One of these efforts is IBM's SyNAPSE Project - short for Systems of Neuromorphic Adaptive Plastic Scalable Electronics. As the name implies, SyNAPSE involves a bid to redesign chips, code-named Golden Gate, to emulate the ability of neurons to make many synaptic connections. This feature helps the brain solve problems on the fly. At present, a Golden Gate chip consists of 256 digital neurons, each equipped with 1,024 digital synaptic circuits, with IBM on track to greatly increase the numbers of neurons in the system.
Heidelberg University's BrainScales project has the ambitious goal of developing analog chips to mimic the behaviors of neurons and synapses. Their HICANN chip - short for High Input Count Analog Neural Network - would be the core of a system designed to accelerate brain simulations to enable researchers to model drug interactions that might take months to play out in a compressed time frame. At present, the HICANN system can emulate 512 neurons, each equipped with 224 synaptic circuits, with a roadmap to expand that hardware base greatly.
Each of these research teams has made different technical choices, such as whether to dedicate each hardware circuit to modeling a single neural element (e.g., a single synapse) or several (e.g., by activating the hardware circuit twice to model the effect of two active synapses). These choices have resulted in different trade-offs in terms of capability and performance.
In his analysis, Boahen creates a single metric to account for total system cost - including the size of the chip, how many neurons it simulates, and the power it consumes. Neurogrid was the most cost-effective way to simulate neurons, keeping with Boahen's goal of creating a system affordable enough to be widely used in research.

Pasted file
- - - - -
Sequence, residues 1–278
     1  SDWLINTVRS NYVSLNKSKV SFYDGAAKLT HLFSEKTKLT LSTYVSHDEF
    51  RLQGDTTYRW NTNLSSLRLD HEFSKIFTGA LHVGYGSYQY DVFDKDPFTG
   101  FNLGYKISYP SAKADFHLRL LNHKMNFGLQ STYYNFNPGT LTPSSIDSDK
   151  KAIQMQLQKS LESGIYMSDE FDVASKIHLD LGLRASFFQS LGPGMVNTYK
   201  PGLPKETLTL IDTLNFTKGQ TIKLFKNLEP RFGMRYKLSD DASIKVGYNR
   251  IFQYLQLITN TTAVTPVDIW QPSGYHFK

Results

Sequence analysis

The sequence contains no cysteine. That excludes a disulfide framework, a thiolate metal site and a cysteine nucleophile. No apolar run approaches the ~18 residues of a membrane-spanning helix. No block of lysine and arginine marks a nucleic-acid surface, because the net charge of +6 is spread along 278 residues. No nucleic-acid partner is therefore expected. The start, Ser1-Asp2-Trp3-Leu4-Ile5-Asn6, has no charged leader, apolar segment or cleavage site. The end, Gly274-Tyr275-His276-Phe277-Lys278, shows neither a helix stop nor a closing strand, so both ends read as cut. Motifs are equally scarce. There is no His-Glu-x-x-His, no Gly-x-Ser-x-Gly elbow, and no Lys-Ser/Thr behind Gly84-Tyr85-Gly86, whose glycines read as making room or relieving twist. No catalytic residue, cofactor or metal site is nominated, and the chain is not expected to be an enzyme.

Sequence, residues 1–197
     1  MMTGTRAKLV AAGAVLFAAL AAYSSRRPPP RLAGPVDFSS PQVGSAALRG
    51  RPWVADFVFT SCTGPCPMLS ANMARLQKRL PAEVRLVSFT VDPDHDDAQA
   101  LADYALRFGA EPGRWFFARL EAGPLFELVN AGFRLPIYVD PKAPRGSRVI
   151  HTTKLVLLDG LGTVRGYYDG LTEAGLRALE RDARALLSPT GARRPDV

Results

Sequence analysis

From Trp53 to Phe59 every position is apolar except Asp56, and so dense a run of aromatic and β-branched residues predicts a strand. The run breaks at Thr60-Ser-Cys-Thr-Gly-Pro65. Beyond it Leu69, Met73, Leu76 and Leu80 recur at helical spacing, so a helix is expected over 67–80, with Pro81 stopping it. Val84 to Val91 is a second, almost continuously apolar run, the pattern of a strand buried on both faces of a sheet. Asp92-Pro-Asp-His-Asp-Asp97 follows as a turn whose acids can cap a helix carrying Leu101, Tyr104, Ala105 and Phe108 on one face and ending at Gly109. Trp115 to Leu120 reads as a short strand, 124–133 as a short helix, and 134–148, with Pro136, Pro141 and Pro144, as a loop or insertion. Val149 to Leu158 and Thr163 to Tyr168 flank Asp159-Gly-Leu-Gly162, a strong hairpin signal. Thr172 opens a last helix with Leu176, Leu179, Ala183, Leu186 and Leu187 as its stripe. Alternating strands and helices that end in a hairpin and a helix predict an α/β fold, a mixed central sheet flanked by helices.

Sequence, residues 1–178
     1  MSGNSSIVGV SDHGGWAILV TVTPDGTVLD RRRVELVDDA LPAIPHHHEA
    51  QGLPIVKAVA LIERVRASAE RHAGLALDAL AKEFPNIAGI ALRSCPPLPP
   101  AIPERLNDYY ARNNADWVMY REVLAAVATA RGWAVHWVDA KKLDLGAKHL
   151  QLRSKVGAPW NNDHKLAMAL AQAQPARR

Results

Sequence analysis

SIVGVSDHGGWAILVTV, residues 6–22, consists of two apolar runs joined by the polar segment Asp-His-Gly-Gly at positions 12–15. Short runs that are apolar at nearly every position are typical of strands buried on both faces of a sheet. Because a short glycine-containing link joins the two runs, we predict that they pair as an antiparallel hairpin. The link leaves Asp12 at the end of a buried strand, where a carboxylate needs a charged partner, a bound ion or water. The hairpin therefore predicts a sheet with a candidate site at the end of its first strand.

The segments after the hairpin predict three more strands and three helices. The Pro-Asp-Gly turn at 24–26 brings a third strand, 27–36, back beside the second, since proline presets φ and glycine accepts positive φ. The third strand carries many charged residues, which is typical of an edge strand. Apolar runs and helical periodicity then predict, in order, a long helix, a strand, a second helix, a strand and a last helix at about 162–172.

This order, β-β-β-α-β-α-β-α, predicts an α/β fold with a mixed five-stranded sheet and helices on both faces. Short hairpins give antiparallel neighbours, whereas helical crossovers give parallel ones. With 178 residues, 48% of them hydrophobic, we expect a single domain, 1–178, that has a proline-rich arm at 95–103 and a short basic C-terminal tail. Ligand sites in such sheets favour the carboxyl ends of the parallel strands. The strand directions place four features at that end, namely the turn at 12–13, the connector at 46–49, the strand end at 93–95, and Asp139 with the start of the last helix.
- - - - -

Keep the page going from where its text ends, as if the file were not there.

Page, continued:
Speed and Efficiency
But much work lies ahead. Each of the current million-neuron Neurogrid circuit boards costs about $40,000. Boahen believes dramatic cost reductions are possible. Neurogrid is based on 16 Neurocores, each of which supports 65,536 neurons. Those chips were made using 15-year-old fabrication technologies.
By switching to modern manufacturing processes and fabricating the chips in large volumes, he could cut a Neurocore's cost 100-fold - suggesting a million-neuron board for $400 a copy. With that cheaper hardware and compiler software to make it easy to configure, these neuromorphic systems could find numerous applications.
For instance, a chip as fast and efficient as the human brain could drive prosthetic limbs with the speed and complexity of our actions - but without being tethered to a power source. Krishna Shenoy, an electrical engineering professor at Stanford and Boahen's neighbor at the interdisciplinary Bio-X center, is developing ways of reading brain signals to understand movement. Boahen envisions a Neurocore-like chip that could be implanted in a paralyzed person's brain, interpreting those intended movements and translating them to commands for prosthetic limbs without overheating the brain.
A small prosthetic arm in Boahen's lab is currently controlled by Neurogrid to execute movement commands in real-time. For now, it doesn't look like much, but its simple levers and joints hold hope for the robotic limbs of the future.
Of course, all of these neuromorphic efforts are beggared by the complexity and efficiency of the human brain.
In his article, Boahen notes that Neurogrid is about 100,000 times more energy-efficient than a personal computer simulation of 1 million neurons. Yet it is an energy hog compared to our biological CPU.
"The human brain, with 80,000 times more neurons than Neurogrid, consumes only three times as much power," Boahen writes. "Achieving this level of energy efficiency while offering greater reconfigurability and scale is the ultimate challenge neuromorphic engineers face."
Tom Abate writes about the students, faculty, and research of the School of Engineering. Amy Adams of Stanford University Communications contributed to this report.
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This quality-reviewed article relating to our Prostheses - Prosthetics section was selected for publishing by the editors of Disabled World due to its likely interest to our disability community readers. Though the content may have been edited for style, clarity, or length, the article "Neurogrid Circuit Board 9,000 Times Faster" was originally written by Stanford University, and published by Disabled-World.com on 2014-04-28 (Updated: 2022-06-28). Should you require further information or clarification, Stanford University can be contacted at stanford.edu. Disabled World makes no warranties or representations in connection therewith.